Friends, I am convinced that we - all of us: men, women, and children - need to read the Scriptures more than we do. To that end I am suggesting a one-year reading plan for 2018 which I will attach with the bulletin this week. To emphasize the importance of this endeavor I am beginning the year with this good word from St John Chrysostom.
I also always entreat you, and do not cease entreating you, not only to pay attention here to what I say, but also when you are at home, to persevere continually in reading the divine Scriptures.
When I have been with each of you in private, I have not stopped giving you the same advice. Do not let anyone say to me those vain words, worthy of heavy condemnation, "I cannot leave the courthouse, I administer the business of the city, I practice a craft, I have a wife, I am raising children, I am in charge of a household, I am a man of the world; reading the Scriptures is not for me, but for those who have been set apart, who have settled on the mountaintops, who keep this way of life continuously [i.e. monastics].”
What are you saying, man? That attending to the Scriptures is not for you, since you are surrounded by a multitude of cares? Rather it is for you more than for them. They do not need the help of the divine Scriptures as much as those do who are involved in many occupations. The monks, who are released from the clamor of the marketplace and have fixed their huts in the wilderness, who own nothing in common with anyone, but practice wisdom without fear in the calm of the quiet life, as if resting in a harbor, enjoy great security; but we, as if tossing in the midst of the sea, driven by a multitude of sins, always need continuous and ceaseless aid of the Scriptures. They rest far from the battle, and so they do not receive many wounds; but you stand continuously in the front rank, and you receive continual blows. So you need more remedies. Your wife provokes you, for example, your son grieves you, your servant angers you, your enemy plots against you, your friend envies you, your neighbor curses you, your fellow soldier trips you up, often a law suit threatens you, poverty troubles you, loss of you property gives you grief, prosperity puffs you up, misfortune depresses you, and many causes and compulsions to discouragement and grief, to conceit and desperation surround us on all sides, and a multitude of missiles falls from everywhere.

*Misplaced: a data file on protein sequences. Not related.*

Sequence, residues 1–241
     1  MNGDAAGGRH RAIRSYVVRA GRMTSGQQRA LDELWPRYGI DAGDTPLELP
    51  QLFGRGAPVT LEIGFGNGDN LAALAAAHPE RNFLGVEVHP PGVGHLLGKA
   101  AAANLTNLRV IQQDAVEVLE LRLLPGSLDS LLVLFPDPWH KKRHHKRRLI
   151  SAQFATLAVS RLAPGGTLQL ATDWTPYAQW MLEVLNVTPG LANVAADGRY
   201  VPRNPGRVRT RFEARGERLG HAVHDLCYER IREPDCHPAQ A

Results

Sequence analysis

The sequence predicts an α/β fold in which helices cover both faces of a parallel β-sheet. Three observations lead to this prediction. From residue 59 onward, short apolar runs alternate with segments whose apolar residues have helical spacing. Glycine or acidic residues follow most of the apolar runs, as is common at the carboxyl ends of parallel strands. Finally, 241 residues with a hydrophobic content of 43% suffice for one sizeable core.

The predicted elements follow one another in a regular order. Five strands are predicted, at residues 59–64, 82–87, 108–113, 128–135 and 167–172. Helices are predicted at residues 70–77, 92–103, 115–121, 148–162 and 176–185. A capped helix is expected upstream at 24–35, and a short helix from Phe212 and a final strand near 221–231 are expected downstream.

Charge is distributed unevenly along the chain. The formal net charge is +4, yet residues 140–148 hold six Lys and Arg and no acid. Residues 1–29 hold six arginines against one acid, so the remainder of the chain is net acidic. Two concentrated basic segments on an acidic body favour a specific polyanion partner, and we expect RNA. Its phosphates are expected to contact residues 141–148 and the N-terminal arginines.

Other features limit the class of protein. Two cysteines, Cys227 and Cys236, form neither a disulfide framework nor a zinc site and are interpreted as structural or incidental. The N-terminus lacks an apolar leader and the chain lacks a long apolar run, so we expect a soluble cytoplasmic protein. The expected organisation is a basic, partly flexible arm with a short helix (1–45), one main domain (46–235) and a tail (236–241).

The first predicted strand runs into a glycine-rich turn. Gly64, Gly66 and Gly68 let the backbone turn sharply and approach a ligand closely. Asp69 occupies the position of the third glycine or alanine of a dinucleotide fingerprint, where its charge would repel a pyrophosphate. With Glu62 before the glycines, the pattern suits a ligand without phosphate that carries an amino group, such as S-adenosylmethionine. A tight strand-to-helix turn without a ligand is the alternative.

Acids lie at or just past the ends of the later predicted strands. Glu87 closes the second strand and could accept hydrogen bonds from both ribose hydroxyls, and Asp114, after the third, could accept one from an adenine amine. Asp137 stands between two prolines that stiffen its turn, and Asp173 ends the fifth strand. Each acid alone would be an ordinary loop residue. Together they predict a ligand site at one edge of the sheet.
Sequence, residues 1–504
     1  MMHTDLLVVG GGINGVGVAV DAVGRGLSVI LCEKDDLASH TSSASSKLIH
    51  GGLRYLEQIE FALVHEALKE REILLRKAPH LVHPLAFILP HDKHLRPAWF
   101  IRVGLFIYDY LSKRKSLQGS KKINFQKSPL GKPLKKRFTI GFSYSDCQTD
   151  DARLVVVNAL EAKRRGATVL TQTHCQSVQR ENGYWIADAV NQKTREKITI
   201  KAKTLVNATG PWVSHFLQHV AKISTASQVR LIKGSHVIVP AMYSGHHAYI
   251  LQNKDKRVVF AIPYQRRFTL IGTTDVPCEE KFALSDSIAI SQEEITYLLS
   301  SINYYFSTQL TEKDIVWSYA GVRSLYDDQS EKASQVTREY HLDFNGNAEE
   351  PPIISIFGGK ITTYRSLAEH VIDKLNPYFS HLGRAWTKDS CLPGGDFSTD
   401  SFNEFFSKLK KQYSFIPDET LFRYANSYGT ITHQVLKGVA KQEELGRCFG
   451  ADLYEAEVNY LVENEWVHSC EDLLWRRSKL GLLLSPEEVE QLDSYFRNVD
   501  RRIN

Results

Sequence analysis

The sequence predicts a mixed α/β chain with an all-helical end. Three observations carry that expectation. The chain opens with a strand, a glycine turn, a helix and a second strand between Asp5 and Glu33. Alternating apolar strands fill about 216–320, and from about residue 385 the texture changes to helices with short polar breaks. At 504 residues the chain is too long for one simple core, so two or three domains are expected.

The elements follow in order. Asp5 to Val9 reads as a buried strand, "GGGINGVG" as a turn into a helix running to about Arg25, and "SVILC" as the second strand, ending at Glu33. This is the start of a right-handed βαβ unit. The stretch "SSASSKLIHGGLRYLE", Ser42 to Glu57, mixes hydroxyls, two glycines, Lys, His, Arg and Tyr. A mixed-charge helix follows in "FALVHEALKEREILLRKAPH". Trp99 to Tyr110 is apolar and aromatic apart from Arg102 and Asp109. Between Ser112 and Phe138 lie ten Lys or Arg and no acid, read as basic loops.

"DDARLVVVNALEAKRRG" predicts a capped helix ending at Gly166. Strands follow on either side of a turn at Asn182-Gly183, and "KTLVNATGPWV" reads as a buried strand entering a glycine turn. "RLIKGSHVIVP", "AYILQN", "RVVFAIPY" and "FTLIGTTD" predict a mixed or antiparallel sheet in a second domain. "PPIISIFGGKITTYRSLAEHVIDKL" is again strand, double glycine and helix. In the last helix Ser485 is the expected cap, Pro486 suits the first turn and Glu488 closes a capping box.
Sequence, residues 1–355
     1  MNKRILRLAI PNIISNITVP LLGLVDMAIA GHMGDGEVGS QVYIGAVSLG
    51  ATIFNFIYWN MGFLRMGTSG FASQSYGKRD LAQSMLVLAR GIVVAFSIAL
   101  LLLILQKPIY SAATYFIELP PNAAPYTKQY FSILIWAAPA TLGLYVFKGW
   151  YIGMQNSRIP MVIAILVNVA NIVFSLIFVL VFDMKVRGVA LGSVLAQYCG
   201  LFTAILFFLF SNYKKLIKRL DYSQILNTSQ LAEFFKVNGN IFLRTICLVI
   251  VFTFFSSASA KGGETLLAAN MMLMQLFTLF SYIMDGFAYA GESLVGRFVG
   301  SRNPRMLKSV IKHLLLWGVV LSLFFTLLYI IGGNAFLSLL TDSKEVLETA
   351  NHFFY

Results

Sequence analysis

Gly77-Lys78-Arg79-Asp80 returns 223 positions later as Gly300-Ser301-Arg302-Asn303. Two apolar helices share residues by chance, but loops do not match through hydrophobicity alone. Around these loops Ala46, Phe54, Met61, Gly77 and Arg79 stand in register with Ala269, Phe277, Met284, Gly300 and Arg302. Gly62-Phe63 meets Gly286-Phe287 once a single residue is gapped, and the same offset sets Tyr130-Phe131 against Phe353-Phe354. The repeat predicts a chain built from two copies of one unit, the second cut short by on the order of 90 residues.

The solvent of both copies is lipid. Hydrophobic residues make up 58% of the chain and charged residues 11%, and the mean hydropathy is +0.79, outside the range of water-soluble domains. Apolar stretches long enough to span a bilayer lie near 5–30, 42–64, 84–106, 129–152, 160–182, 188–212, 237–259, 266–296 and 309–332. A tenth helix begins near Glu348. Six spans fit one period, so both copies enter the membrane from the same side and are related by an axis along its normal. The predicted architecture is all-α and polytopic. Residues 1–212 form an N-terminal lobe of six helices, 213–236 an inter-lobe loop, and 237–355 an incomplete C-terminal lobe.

Therefore, we have a continuous need for the full armor of the Scriptures.
For recognize, it is written, that you go through the midst of snares and walk on the ramparts of the city. For example, the designs of the flesh attack more fiercely those who live in the midst of the world.
A handsome face, a splendid body strikes us in the eyes; a shameful phrase piercing our ears troubles our mind; and often an effeminate song weakens the tension of our soul.
But why am I saying this? That which often seems the slightest of all these attacks, the scent of perfume falling from courtesans as they pass somewhere nearby has captured and taken us away as prisoners by a mere accident. And there are many things like these which besiege our souls: we need the divine medicines to heal the wounds which we have received and to protect us from those which we have not yet received but will receive.
We must thoroughly quench the darts of the devil and beat them off by continual reading of the divine Scriptures.
For it is not possible, not possible for anyone to be saved without continually taking advantage of spiritual reading.
Actually, we must be content, if even with continual use of this therapy, we are barely able to be saved. But when we are struck every day, if we do not use any medical care, what hope do we have of salvation?
Reading the Scriptures is a great means of security against sinning. The ignorance of Scripture is a great cliff and a deep abyss; to know nothing of the divine laws is a great betrayal of salvation. This has given birth to heresies, this has introduced a corrupt way of life, this has put down the things above. For it is impossible, impossible for anyone to depart without benefit if he reads continually with attention.
(from On Wealth and Poverty)